Skip to main content
Browse Subject Areas

Click through the PLOS taxonomy to find articles in your field.

For more information about PLOS Subject Areas, click here.

  • Loading metrics

8-Oxoguanine Affects DNA Backbone Conformation in the EcoRI Recognition Site and Inhibits Its Cleavage by the Enzyme

  • Joanna J. Hoppins ,

    Contributed equally to this work with: Joanna J. Hoppins, David R. Gruber, Heather L. Miears

    Affiliation Chemistry Department, Western Washington University, Bellingham, WA, United States of America

  • David R. Gruber ,

    Contributed equally to this work with: Joanna J. Hoppins, David R. Gruber, Heather L. Miears

    Affiliation Chemistry Department, Western Washington University, Bellingham, WA, United States of America

  • Heather L. Miears ,

    Contributed equally to this work with: Joanna J. Hoppins, David R. Gruber, Heather L. Miears

    Affiliation Chemistry Department, Western Washington University, Bellingham, WA, United States of America

  • Alexey S. Kiryutin,

    Affiliations SB RAS International Tomography Center, Novosibirsk, Russia, Novosibirsk State University, Novosibirsk, Russia

  • Rustem D. Kasymov,

    Affiliations SB RAS Institute of Chemical Biology and Fundamental Medicine, Novosibirsk, Russia, Institute of Biochemistry, Stuttgart University, Stuttgart, Germany

  • Darya V. Petrova,

    Affiliations Novosibirsk State University, Novosibirsk, Russia, SB RAS Institute of Chemical Biology and Fundamental Medicine, Novosibirsk, Russia

  • Anton V. Endutkin,

    Affiliations Novosibirsk State University, Novosibirsk, Russia, SB RAS Institute of Chemical Biology and Fundamental Medicine, Novosibirsk, Russia

  • Alexander V. Popov,

    Affiliation SB RAS Institute of Chemical Biology and Fundamental Medicine, Novosibirsk, Russia

  • Alexandra V. Yurkovskaya,

    Affiliations SB RAS International Tomography Center, Novosibirsk, Russia, Novosibirsk State University, Novosibirsk, Russia

  • Stanislav O. Fedechkin,

    Affiliations Chemistry Department, Western Washington University, Bellingham, WA, United States of America, University of California Santa Cruz, Program in Biomedical Science and Engineering, Santa Cruz, CA, United States of America

  • Jacob A. Brockerman,

    Affiliations Chemistry Department, Western Washington University, Bellingham, WA, United States of America, Department of Biochemistry and Molecular Biology, University of British Columbia, Vancouver, BC, Canada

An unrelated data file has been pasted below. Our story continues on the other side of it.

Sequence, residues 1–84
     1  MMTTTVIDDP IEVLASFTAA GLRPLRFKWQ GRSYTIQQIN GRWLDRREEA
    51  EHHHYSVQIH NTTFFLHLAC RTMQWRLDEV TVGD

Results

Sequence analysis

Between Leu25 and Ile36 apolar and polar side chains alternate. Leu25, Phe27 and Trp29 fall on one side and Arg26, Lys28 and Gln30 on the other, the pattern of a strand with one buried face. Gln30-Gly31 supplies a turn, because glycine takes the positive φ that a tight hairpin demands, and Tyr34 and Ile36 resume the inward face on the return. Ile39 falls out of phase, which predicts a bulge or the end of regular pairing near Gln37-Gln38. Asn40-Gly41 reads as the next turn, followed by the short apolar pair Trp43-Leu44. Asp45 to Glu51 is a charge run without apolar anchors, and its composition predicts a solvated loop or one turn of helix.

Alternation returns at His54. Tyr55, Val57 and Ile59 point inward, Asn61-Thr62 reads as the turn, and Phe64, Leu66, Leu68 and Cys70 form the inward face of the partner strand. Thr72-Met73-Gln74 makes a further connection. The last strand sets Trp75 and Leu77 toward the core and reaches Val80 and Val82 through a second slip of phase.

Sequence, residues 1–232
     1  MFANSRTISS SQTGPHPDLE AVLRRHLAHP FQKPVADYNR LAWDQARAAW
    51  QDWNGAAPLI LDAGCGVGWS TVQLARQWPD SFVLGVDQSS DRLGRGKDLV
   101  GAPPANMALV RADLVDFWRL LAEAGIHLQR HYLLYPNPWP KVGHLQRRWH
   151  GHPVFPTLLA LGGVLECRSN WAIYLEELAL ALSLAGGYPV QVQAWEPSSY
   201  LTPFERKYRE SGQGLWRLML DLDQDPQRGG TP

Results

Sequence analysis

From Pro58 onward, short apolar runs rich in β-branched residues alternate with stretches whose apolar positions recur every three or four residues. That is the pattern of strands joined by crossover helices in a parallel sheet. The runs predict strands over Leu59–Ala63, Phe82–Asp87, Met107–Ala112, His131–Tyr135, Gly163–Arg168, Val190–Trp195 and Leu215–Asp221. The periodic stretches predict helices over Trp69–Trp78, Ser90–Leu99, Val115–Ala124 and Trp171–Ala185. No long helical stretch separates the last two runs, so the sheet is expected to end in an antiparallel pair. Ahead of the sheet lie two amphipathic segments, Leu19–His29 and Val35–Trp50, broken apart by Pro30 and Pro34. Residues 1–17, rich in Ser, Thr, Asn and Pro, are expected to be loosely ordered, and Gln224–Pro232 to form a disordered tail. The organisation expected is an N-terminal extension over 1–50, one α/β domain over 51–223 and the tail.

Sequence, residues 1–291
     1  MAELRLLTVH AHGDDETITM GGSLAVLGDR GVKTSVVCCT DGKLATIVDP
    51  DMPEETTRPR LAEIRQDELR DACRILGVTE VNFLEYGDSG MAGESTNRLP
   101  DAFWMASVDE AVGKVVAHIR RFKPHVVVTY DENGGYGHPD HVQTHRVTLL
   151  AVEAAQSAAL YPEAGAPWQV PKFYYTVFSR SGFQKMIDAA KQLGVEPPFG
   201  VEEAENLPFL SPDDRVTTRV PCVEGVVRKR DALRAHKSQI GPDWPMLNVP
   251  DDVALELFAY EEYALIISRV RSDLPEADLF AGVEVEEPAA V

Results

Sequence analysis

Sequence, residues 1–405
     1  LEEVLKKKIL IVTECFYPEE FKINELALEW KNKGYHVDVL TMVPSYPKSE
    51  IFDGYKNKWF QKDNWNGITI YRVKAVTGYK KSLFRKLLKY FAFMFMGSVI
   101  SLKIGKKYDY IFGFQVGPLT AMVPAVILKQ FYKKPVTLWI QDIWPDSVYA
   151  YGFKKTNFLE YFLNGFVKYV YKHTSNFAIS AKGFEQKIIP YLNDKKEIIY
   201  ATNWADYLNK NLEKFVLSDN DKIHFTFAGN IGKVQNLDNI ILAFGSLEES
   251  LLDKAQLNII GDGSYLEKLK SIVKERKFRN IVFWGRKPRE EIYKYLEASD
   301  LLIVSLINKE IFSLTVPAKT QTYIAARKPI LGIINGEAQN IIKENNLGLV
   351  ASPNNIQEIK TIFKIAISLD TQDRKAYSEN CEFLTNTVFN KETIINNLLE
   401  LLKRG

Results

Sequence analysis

• Dmitry O. Zharkov , (SLS); (DOZ)

    Affiliations Novosibirsk State University, Novosibirsk, Russia, SB RAS Institute of Chemical Biology and Fundamental Medicine, Novosibirsk, Russia

  • Serge L. Smirnov (SLS); (DOZ)

    Affiliation Chemistry Department, Western Washington University, Bellingham, WA, United States of America


8-oxoguanine is one of the most abundant and impactful oxidative DNA lesions. However, the reasons underlying its effects, especially those not directly explained by the altered base pairing ability, are poorly understood. We report the effect of the lesion on the action of EcoRI, a widely used restriction endonuclease. Introduction of 8-oxoguanine inside, or adjacent to, the GAATTC recognition site embedded within the Drew—Dickerson dodecamer sequence notably reduced the EcoRI activity. Solution NMR revealed that 8-oxoguanine in the DNA duplex causes substantial alterations in the sugar—phosphate backbone conformation, inducing a BI→BII transition. Moreover, molecular dynamics of the complex suggested that 8-oxoguanine, although does not disrupt the sequence-specific contacts formed by the enzyme with DNA, shifts the distribution of BI/BII backbone conformers. Based on our data, we propose that the disruption of enzymatic cleavage can be linked with the altered backbone conformation and dynamics in the free oxidized DNA substrate and, possibly, at the protein—DNA interface.